Using a microscope How to focus

Monday, July 16, 2018


How to focus a microscope

Learn how to focus a basic compound microscope and open up a whole new microscopic world.

I have used a microscope in my Life Science class for over 15 years and have become an expert at focusing them.

Step 1. Place the prepared slide on the stage of the microscope. The stage contains clips that help secure the slide. I use these clips unless I'm focusing on pond water and then I don't use the slides  so that I can move the slide around.



Step 2. Spin the nosepiece around until the lowest power lens clicks into place. Each lens is a different power and are labeled and have a different color. The lowest power will be the smallest lens. The low power lens is the easiest lens to focus. As you spin the nosepiece you should be able to feel the lens click into place. This makes sure that the lens is in the correct position.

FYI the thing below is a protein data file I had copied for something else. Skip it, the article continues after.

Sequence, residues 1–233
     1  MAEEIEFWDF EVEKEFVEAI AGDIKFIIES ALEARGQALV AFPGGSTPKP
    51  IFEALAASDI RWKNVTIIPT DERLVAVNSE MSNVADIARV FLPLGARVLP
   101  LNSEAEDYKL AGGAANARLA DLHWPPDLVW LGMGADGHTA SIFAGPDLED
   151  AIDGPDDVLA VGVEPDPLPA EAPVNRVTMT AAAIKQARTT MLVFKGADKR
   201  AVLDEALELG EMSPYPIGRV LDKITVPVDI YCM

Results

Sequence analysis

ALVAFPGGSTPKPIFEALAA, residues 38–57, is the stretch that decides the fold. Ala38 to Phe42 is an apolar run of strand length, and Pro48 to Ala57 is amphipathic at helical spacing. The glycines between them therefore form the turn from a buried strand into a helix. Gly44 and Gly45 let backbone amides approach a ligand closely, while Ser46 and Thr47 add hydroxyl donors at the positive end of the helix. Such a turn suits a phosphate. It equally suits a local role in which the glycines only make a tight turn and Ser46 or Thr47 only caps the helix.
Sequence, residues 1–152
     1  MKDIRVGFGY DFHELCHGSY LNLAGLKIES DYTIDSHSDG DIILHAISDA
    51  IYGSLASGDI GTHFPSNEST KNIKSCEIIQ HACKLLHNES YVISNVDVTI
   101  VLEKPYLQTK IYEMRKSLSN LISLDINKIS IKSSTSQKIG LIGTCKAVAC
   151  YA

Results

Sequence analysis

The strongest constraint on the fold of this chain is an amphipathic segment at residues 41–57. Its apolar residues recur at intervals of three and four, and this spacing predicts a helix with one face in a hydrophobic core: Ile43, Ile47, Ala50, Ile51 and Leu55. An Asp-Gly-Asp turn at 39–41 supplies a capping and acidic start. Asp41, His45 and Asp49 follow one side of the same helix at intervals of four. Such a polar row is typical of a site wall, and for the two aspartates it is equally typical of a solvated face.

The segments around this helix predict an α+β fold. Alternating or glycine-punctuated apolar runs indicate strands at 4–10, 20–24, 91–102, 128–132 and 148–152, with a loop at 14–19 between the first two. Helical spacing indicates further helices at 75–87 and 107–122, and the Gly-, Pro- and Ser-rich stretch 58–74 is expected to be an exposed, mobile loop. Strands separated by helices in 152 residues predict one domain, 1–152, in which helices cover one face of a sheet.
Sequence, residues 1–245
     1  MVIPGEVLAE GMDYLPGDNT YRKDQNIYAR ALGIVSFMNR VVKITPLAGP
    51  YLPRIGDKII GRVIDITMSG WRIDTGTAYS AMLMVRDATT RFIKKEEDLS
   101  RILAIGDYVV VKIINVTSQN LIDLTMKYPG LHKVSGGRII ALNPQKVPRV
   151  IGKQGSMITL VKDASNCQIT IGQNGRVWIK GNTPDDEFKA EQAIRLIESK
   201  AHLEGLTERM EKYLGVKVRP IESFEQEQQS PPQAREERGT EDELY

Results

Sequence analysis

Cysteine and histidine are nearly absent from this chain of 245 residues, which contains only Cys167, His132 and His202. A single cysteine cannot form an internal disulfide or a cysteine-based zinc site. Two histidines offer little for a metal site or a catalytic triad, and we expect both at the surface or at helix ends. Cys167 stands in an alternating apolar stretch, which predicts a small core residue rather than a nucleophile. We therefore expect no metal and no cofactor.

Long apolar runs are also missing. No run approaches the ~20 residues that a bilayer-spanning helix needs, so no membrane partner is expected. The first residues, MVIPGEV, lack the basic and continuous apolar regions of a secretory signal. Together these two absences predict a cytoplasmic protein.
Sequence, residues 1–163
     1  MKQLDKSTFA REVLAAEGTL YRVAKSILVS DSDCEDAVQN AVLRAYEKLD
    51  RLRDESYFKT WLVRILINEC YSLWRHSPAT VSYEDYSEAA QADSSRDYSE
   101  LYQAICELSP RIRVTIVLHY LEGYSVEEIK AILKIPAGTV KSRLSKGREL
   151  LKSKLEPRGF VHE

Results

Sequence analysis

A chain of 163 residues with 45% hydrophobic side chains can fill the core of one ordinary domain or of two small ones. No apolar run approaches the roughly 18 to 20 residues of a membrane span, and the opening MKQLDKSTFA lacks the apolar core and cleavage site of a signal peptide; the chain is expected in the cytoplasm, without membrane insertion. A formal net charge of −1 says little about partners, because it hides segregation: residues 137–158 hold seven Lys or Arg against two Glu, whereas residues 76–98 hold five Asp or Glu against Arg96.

How do you determine the magnification?
Multiply the ocular lens strength times the objective lens strength.
Look on the ocular lens to determine the strength or look in the manual. Most compound microscopes are 10x.


Each lens will also have the power magnification written on it. In this example I will use 40x.

10x times 40x = 400x

Step 3. Look through the ocular lens and use the coarse adjustment to begin to focus the microscope.
If the spicimen is dark or black you may need to turn on the power or adjust the light.

Step 4. When the specimen is close to be in focus you then can start using the fine adjustment to get the slide really clear and focused.

The coarse adjustment knob is usually larger than the fine adjustment.

Step 5. Use the diaphragm to adjust the light. The diaphragm is located under the stage and many people ignore this adjustment. It can make a big difference.


At this point the specimen should be clear and crisp looking.





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